To combat these superstitious beliefs or unlucky happenstances, different cultures have acquired various symbols and rituals over the years to increase the luck in their lives. In China, red is considered a lucky color meant to bring happiness. Doors of homes are often painted red to bring good omens, and red lanterns can be seen hung in many places around China. When five red bats are found together, they represent the “five good fortunes” of health, love, longevity, wealth, and virtue. The Dutch believe that circles are a symbol of success, and donuts are often eaten at New Year’s celebrations to bring luck for the rest of the year. People also wear circular items like hoop earrings to bring success into their lives. The Japanese eat soba noodles at the year’s start because long noodles are a signifier of a long and prosperous life. The 5 Yen coin in Japan is also considered lucky, and many Japanese carry one of these coins around at all times. Pronounced “go-en,” the name of these coins is close to the words for destiny, karma, or good luck. In Norse folklore, acorns and their bearers, the oak tree, are supposed to bring good fortune. Acorns are said to prevent lightening when set on a windowsill. Native Americans created dream catchers to catch negative images from dreams while asleep. Nautical stars have been seen as luck symbols that help provide guidance for sailors for many years. Then there are the old lucky standbys, like the four-leaf clover and rainbows. The number seven is also often considered a lucky number. In Japanese mythology, there are the Seven Gods of Fortune, which represent various aspects of life in which people wish to prosper like health and wealth.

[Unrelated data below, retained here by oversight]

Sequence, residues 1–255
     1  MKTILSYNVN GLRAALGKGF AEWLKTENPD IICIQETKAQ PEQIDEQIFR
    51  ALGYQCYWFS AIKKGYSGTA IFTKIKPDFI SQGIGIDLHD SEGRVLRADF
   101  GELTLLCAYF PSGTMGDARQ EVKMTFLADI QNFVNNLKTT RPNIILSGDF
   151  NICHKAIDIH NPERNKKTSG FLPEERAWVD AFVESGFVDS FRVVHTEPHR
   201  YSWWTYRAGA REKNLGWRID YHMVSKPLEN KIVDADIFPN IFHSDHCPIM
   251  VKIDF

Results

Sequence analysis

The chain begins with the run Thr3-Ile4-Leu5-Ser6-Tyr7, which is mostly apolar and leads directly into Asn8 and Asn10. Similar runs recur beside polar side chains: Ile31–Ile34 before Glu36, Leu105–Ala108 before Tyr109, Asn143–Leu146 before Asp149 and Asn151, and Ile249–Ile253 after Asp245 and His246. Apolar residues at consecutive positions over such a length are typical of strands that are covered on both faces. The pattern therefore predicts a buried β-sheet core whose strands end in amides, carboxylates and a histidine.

Aside from these lucky symbols, there are also a plethora of rituals people partake in to try and get luck on their side. Well-known ones in the United States include throwing coins into a wishing well or breaking a wishbone in half. Whoever gets the bigger half of the bone gets to make a wish. Many have also been known to blow away stray eyelashes and make a wish, or wish on shooting stars seen in the night’s sky. In Turkey, those wishing to banish their luck participate in a ritual where a pot of boiling water is held over their head. Liquid lead is then dropped into the water where it instantly solidifies. The solidification is said to absorb that person’s bad omens. In Tahiti, getting tattoo is said to bring good luck and protection. The word “tattoo” comes from the Tahitian word “tatu,” and tattoos are meant to represent your history, background, and include symbols that represent good fortune. In several countries there are also rituals pertaining to marriage. In Morocco, unmarried women burn chameleons in glasses to rid themselves of bad luck. In Italy, grooms carry pieces of iron in their pockets to keep evil spirits away and brides rip their veils to bring the couple good luck. In Singapore before wedding ceremonies, a prosperous man will decide the place where the marrying couple’s bed should go, and then a young male relative will roll in the bed to bless the couple with fertility.